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Non-destructive detection could speed up cold-atom quantum sensors

Researchers at SYRTE in France’s Observatoire de Paris have developed a new non-destructive method that uses microwaves to measure the number, or population, of atoms in specific quantum states. The new method enables experimenters to perform quantum sensing measurements nearly 30 000 times a second – a rate that could make it possible to complete large surveys on a timescale competitive with current commercial devices.

The principle of microwave detection

Non-destructive measurements of cold atoms can be performed using existing methods. However, the complex optical systems often required make it difficult to create compact, practical sensors. The SYRTE team of William Dubosclard, Seungjin Kim, and Carlos L Garrido Alzar solved this problem by developing a system based on microwaves instead. Their solution uses the fact that microwave power radiated by an antenna into a medium depends on the radiation resistance of that medium.

Detection boost: A diagram illustrating the spectral sensitivity of reflected microwaves due to the presence of an atomic resonant transition. This is the working principle of the non-destructive detection. (Courtesy: C L Garrido Alzar)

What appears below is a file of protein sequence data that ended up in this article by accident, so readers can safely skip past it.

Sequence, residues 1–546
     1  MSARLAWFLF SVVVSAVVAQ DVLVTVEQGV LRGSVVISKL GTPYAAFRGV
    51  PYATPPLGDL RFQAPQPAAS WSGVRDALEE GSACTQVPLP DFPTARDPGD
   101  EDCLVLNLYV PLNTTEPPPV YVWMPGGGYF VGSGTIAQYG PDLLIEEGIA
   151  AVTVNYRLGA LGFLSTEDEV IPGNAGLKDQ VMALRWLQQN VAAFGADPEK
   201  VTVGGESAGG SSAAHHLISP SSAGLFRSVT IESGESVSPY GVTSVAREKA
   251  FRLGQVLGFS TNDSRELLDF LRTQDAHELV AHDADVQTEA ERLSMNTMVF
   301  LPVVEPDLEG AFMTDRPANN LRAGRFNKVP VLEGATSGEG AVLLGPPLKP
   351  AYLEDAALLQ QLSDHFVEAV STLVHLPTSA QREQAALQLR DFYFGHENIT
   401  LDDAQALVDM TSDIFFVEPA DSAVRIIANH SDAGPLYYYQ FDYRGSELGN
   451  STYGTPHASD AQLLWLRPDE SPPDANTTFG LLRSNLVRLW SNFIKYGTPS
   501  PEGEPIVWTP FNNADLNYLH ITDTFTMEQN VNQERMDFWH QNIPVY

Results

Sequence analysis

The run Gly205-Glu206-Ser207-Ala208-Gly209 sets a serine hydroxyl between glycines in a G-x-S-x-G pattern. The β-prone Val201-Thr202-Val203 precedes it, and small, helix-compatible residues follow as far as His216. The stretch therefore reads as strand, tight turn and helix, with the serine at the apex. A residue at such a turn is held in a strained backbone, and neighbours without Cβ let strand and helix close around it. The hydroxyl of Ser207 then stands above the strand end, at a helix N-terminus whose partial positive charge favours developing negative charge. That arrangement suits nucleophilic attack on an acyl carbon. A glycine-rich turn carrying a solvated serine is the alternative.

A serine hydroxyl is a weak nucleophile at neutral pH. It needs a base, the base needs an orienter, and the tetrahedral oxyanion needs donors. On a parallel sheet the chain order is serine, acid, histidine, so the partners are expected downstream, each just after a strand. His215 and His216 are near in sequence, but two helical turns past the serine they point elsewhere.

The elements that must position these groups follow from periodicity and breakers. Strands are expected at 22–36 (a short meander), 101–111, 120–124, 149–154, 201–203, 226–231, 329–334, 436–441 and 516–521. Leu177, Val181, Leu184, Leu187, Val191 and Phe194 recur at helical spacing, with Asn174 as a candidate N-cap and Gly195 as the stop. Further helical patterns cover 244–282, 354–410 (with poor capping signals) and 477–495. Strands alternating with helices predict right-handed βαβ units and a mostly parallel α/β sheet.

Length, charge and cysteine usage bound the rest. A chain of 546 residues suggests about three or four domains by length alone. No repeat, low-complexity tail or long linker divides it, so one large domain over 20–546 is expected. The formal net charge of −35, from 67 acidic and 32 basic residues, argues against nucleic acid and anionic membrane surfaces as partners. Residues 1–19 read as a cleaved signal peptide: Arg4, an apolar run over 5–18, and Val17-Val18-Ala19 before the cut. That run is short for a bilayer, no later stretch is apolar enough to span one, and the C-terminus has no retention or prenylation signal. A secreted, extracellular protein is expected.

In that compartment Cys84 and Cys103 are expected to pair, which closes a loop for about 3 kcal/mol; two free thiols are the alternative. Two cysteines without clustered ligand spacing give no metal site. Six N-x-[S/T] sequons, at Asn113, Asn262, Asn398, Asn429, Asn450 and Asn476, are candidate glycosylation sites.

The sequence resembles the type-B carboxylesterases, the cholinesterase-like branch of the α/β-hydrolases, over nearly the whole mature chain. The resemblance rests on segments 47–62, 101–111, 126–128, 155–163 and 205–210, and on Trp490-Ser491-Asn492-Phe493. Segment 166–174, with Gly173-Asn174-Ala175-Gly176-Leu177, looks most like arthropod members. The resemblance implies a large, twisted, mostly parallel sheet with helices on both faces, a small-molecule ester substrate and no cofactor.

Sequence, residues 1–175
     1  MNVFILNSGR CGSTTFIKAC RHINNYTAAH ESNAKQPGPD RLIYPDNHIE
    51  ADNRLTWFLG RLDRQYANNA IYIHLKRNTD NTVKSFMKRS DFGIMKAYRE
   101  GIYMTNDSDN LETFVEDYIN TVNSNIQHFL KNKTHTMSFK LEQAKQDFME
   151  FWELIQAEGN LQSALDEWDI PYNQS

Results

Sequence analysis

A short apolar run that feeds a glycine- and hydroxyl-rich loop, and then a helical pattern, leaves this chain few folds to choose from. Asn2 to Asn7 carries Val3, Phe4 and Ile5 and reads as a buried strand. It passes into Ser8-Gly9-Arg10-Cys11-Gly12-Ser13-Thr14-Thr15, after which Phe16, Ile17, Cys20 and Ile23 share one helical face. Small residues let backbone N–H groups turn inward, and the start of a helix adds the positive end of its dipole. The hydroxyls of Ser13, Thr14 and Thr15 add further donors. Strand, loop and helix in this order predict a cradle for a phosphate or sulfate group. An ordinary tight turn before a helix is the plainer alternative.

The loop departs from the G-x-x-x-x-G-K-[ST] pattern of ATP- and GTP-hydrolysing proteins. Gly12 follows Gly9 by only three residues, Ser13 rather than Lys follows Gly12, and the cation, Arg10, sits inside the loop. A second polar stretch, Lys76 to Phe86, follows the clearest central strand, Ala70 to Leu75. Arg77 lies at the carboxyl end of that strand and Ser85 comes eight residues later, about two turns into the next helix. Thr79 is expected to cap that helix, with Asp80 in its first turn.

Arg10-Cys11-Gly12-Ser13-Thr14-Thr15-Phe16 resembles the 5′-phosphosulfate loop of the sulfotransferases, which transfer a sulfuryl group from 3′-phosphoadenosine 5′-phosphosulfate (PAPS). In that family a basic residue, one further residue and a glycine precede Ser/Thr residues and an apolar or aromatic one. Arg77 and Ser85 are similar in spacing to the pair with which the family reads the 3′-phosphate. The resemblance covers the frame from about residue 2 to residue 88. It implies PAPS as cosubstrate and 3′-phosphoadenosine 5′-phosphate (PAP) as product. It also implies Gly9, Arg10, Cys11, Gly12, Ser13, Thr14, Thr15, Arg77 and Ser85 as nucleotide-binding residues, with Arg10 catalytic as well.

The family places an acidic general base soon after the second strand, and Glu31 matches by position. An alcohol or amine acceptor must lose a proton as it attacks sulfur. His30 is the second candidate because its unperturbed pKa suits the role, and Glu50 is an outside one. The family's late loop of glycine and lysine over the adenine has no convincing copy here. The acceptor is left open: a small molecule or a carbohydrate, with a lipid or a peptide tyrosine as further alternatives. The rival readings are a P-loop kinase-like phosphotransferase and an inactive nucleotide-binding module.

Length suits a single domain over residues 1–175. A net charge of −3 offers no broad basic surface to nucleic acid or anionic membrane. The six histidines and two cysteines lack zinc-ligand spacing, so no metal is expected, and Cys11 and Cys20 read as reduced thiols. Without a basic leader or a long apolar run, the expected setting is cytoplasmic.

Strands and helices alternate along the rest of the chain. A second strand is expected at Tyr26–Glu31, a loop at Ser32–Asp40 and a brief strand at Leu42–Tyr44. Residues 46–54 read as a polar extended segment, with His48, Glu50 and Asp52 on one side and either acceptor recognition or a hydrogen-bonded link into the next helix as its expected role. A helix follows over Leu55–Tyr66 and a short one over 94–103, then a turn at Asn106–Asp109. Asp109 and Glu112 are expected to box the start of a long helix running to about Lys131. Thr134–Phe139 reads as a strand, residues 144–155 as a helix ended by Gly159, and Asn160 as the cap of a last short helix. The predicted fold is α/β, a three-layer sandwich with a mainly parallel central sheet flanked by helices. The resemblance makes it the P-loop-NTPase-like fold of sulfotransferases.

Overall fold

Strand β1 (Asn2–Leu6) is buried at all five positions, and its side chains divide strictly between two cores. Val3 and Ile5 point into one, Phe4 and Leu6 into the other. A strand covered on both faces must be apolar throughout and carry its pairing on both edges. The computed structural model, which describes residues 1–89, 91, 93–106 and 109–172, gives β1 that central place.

In the SYRTE experiment, the medium is a sample of 10 000 rubidium atoms prepared at temperatures of around 3 µK. By using an antenna to direct a beam of microwaves onto the atoms, and then observing the microwave signal the atoms reflect, the experimenters could detect the atoms’ quantum state. Although the microwave reflections are weak, the researchers saw clear variations in them when they scanned the microwave frequency across a resonant atomic transition.

Proving it works: detecting cold atoms

The team proved the non-destructive nature of their detection method by measuring coherent quantum effects known as Rabi oscillations. These sinusoidal patterns appear as populations of atoms oscillate between two atomic energy states when near-resonant light is applied, and they form the basis of cold-atom interferometry. In a typical experiment, these patterns are observed by creating multiple atom samples and taking one data point per sample. In this case, however, the researchers managed to observe Rabi oscillations with a single sample – by using one microwave antenna to drive the oscillations and another to perform repeated detection.

They observed no difference between the amplitude of the oscillations obtained with their method compared with the multiple sample method. This validates that their technique did not cause any additional atom and decoherence losses even as it increased the detection bandwidth to 30 kHz.

Garrido Alzar tells Physics World that they now plan to characterize the noise level of their novel detection method and investigate how it would affect the performance of quantum inertial sensors.

The research is reported in Communications Physics.

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